The variables were divided into four groups: sociodemographic, clinical, therapeutic and outcome variables. Likewise, depending on the toxic agent involved, the type of intoxication could be medication, drugs of abuse, chemical products (domestic, industrial and agricultural), mushrooms and poisonous animals.

Study population

We analyzed all patients who met the inclusion criteria: Patients of any age with a diagnosis of acute intoxication and in which at least one of these assumptions is met: The discharge report includes one or more coded diagnoses of acute intoxication. The emergency discharge report explains that the reason for care and/or the patient's clinical symptoms are due to recent contact with a toxic substance. The emergency discharge report includes a laboratory determination demonstrating intoxication or Emergency visits derived from an accidental pharmacological overdose and/or a toxic effect on an organ or system. We exclude the Emergency visits derived from a drug's allergic, immunological or idiosyncratic effect. Food poisoning. Chronic poisoning. Insect bites. Ingestion of inert bodies. Exitus due to the toxic cause. Finally, the medical records of patients were examined, of which 15 were repeated, 320 were rejected, and finally, 442 were selected (Figure 1).


Figure 1. Flow chart.

Ethical considerations

This study was approved by the Clinical Research Ethics Committee of Aragón (Act No. 12/2017). The study was carried out in accordance with the tenets of the Declaration of Helsinki and recommendations of good clinical practice. For reporting, the Strengthening the Reporting of Observational Studies in Epidemiology (STROBE) guidelines were followed.

Statistical analyzes

The SPSS© V25.0 (New York, United States) program was used for the statistical analysis of the data. The distributions of the quantitative variables were summarized with means, standard deviations, medians, and quartiles, whereas the distributions of the qualitative variables were summarized with the number and percentage of occurrence for each of their values. The chi-squared test was used to compare the qualitative variables of the groups. In the case of low values in the contingency tables, the Fisher's exact test was applied instead. The Mann–Whitney test served to compare the quantitative variables of two groups, while the Kruskal–Wallis test (followed by Dunn's post-hoc test) was used for comparisons between more than two groups. The relationship between two quantitative variables was assessed using Spearman's correlation coefficient. Linear regressions were used to analyze the impact of potential predictors on the quantitative variables. Regression parameters with 95% confidence intervals were shown.


The mean age was 44.1 years (SD ± 22.8 years). The youngest patient was ten months old, and the oldest was 96 years old. Between 15 and 55 years of age, 67% of poisonings occurred. 57.2% of the cases belonged to the male sex. There were no differences in age with respect to sex (Table 1).


Table 1. Clinical and sociodemographic profile.

During the summer period, 29.9% of poisonings occurred, being statistically significant concerning the other times of the year (p < 0.05). In the distribution by months, September was the most prominent in a number of cases (p < 0.05; Figure 2).


Figure 2. Distribution of cases by months (in percentage).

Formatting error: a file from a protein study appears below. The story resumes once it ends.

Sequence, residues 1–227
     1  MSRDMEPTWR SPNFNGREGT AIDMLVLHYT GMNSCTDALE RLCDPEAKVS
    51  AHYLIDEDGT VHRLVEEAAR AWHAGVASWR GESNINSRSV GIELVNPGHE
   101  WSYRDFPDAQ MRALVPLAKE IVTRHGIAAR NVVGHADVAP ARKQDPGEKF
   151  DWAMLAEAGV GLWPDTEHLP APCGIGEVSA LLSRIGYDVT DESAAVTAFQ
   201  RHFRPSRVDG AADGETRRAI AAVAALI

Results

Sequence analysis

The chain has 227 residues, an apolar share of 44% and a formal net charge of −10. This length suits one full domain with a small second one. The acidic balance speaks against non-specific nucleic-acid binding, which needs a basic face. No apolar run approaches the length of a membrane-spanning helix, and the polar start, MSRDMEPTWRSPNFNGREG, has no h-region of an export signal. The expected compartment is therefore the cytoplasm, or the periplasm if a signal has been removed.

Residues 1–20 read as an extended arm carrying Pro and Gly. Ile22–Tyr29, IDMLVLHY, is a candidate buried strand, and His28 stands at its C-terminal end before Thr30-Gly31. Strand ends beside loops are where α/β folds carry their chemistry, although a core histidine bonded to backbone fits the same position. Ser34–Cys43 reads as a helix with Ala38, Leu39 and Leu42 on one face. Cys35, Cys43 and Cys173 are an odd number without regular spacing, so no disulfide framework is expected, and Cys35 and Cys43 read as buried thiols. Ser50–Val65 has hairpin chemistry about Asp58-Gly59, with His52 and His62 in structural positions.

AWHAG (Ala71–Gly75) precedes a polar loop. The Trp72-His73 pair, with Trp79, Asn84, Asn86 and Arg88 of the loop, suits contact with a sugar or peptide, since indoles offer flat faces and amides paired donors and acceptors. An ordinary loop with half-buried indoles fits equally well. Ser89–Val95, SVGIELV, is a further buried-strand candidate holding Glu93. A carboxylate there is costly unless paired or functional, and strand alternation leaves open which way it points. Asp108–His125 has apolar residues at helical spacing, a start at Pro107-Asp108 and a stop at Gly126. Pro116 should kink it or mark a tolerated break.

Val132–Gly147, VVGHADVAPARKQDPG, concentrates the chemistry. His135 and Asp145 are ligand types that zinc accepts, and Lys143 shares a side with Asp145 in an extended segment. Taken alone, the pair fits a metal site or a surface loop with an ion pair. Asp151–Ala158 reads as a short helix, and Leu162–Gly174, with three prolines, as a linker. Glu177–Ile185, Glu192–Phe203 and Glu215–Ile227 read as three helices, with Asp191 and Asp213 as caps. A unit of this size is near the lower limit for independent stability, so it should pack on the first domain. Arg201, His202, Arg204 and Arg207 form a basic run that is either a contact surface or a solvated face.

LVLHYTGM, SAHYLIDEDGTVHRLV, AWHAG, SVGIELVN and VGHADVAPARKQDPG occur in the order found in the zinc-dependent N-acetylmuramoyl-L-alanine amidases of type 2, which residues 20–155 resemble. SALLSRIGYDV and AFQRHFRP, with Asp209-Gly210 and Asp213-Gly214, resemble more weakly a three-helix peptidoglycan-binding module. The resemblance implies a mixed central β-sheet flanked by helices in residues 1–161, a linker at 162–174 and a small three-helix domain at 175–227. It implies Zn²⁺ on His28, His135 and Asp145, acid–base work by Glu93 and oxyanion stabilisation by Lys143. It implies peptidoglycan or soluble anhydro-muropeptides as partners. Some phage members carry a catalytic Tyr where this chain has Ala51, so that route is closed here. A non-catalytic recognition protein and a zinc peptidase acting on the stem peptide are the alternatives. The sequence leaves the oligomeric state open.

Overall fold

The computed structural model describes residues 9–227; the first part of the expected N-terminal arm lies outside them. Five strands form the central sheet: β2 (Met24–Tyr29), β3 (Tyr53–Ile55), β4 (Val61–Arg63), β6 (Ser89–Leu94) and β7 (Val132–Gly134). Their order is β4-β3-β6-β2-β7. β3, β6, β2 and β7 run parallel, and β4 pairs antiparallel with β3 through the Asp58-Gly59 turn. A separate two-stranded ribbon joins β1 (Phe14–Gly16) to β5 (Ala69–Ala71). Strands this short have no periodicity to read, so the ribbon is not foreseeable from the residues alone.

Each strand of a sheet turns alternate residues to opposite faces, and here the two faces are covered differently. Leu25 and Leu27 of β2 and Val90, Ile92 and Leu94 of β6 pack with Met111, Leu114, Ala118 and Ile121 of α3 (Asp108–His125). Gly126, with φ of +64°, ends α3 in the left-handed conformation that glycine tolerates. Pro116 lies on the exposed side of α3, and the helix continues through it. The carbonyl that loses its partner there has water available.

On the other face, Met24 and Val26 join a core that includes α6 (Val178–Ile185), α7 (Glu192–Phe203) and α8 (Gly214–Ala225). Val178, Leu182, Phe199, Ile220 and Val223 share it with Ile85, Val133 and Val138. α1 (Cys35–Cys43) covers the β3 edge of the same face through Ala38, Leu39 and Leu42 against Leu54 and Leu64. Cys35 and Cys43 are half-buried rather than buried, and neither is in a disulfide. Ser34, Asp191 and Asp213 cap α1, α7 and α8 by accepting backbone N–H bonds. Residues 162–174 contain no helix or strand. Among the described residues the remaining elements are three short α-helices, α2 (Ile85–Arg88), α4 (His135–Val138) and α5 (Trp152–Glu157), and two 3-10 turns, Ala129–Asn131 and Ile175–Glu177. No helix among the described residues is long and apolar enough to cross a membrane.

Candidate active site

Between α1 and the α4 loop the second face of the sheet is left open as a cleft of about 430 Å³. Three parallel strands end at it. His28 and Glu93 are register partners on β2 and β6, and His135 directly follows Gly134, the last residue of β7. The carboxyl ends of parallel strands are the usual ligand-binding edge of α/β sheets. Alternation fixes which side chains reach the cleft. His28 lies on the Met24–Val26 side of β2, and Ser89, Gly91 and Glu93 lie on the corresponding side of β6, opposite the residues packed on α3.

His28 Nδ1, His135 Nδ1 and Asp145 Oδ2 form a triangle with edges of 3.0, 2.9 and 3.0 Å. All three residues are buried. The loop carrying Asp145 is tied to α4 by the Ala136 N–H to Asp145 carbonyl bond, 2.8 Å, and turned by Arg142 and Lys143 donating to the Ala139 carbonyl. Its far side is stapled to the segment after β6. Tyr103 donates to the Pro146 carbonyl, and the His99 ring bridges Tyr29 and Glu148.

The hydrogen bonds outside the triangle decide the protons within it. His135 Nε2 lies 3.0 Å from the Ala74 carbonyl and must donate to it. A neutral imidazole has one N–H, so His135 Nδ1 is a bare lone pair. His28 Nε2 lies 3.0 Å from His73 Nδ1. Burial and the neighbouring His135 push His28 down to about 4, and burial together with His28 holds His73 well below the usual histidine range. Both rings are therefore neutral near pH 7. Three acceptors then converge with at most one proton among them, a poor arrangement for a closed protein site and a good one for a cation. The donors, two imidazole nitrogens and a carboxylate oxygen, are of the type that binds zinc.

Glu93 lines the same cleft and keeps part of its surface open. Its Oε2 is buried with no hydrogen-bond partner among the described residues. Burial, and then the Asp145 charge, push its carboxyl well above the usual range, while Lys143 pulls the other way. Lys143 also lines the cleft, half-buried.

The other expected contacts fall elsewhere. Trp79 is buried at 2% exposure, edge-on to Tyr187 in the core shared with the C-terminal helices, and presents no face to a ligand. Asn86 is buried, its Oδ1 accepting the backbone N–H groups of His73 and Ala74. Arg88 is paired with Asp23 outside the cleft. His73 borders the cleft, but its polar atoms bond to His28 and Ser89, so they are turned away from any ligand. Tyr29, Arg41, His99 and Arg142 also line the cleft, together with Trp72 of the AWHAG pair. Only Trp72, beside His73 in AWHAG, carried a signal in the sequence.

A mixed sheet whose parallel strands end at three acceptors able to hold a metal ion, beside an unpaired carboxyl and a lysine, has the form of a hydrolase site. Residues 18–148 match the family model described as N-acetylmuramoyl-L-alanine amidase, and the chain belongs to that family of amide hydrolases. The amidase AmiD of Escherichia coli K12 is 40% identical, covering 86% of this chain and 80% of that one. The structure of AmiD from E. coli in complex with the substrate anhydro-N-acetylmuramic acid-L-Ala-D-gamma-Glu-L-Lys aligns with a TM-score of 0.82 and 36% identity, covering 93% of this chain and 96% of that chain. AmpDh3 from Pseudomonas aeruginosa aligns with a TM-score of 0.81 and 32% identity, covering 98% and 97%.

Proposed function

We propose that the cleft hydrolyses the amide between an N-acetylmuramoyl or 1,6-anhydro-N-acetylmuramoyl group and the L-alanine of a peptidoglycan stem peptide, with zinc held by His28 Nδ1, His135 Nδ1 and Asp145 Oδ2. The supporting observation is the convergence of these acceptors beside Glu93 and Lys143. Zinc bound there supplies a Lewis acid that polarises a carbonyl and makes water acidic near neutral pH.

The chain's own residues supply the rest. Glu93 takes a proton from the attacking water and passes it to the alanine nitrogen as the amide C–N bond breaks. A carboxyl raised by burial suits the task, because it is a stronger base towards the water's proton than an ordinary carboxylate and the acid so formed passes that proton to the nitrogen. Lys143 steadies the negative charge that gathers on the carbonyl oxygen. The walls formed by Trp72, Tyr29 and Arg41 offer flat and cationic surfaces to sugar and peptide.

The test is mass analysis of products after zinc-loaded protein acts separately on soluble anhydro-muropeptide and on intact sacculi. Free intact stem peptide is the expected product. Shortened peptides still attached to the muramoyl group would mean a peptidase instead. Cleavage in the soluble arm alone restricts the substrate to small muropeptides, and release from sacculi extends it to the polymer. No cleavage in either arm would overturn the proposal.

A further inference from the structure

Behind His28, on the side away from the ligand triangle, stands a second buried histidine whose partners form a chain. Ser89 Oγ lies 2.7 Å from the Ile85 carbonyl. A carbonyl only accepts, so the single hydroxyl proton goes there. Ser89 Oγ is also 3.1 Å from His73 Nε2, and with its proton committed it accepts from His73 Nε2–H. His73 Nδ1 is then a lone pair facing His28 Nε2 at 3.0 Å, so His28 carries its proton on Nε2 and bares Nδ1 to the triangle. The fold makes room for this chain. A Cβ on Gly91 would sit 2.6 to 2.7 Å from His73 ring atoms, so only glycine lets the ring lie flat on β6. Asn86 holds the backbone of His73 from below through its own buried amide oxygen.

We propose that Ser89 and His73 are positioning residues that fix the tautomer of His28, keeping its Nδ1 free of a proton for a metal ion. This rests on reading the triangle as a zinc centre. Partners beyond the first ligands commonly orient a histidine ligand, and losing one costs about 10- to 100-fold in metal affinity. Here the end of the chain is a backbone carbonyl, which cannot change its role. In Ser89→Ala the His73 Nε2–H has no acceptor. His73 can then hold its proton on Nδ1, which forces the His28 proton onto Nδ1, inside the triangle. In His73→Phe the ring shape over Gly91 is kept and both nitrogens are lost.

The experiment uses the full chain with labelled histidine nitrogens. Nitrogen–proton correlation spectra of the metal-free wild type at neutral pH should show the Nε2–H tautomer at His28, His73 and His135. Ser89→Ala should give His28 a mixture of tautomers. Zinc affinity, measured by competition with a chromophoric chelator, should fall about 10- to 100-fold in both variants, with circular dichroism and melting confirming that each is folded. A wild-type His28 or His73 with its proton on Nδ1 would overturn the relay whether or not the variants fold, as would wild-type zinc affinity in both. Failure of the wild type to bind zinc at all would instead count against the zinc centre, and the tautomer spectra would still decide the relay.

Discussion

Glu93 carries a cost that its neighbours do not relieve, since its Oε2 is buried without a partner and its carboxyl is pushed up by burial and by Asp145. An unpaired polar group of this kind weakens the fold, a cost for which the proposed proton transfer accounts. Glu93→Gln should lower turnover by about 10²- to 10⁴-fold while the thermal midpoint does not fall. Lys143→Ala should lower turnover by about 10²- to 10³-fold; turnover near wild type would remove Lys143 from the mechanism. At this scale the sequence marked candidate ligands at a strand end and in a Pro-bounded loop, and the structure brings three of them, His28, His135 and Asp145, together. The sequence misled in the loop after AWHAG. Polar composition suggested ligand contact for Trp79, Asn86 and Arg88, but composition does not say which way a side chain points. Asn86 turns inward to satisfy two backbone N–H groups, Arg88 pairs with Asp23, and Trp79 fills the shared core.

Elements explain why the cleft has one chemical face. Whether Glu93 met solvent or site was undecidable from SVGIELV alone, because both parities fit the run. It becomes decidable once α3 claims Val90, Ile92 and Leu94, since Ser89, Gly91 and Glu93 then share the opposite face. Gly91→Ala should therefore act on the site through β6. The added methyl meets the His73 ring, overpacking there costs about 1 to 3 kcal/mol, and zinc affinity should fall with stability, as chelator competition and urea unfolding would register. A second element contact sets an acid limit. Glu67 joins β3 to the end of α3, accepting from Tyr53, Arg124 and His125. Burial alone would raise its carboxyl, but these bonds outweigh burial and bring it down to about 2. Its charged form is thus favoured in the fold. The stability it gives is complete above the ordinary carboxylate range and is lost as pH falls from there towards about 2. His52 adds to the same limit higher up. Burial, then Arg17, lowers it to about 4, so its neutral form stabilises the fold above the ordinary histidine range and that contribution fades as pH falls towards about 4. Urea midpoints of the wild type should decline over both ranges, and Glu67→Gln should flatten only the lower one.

In the analysis of the days of the week, Saturdays (17.6%) and Sundays (22.4%) were the days with the highest incidence. Taking into account the type of intoxication, the following relationship could be established: drug intoxications were more associated with the section of the week from Monday to Thursday and drugs of abuse with weekly fines, from Friday to Sunday (p < 0.05). Figure 3 reflects the percentage of cases by type of intoxication and day of the week.


Figure 3. Percentage of cases by type of intoxication and day of the week.

Drugs of abuse were present in 243 patients (55%), medications in 172 (38.9%), chemical products in 57 (12.9%) and only three patients (0.7%) were poisoned by mushrooms (Table 2). No cases related to poisonous animals were found. Nine different drugs, 73 drugs, 15 chemical compounds and 2 varieties of mushrooms were registered. Polyconsumption was not common. 84.4% of the patients took a single drug, and 67.4% a single medication.


Table 2. Differentiates the 11 types of AI found in the study (pure and mixed) and their relationship with the patient's fate after consulting the emergency room.

A relationship was found between drugs of abuse and male gender and age groups ranging from 13 to 65 years (p < 0.001). On the contrary, drug intoxications were more associated with the female sex and those over 65 years of age (p<0.001). 92.3% of the intoxicated symptoms presented. Neurological (79%), digestive (21.3%), cardiovascular (19.2%), respiratory (15.8%) and metabolic (6.1%) manifestations were recorded. The highest score on the Glasgow Coma Scale (15 points) was recorded in 81.9% of the patients and only 3.1% had a Glasgow score of less than or equal to 8 on arrival at the emergency room. 84.2% of the patients received some type of pharmacological treatment. The most frequent symptomatic measures were: intravenous fluid replacement (39.1%), analgesia (14.4%), benzodiazepines (10.2%), antiemetics (10.1%) and oxygen (7.9%). In the case of antidotes, the following stood out: thiamine (26.1%), pyridoxine (24%), glucose (22.4%), and flumazenil (14.6%) and high-flow oxygen (6.2%). 78.7% of the patients were discharged from the emergency room. The consultation was not completed in cases of escape (1.8%) and voluntary discharge (2.9%). The rate of admissions to the hospitalization ward at the Alcañiz Hospital was 9%. Other intoxicated patients required interhospital transfer to be admitted to the Intensive Care Unit (ICU) (1.1%) or to the Psychiatric Short Stay Unit (SCU) (5.5%). The average stay in the emergency room was 6 h and 6 min. 31.7% of emergencies were resolved in the first 2 h, and more than half of the cases (58.6%) before 4 h. The mortality rate in the emergency department was 0% for all types of acute poisoning.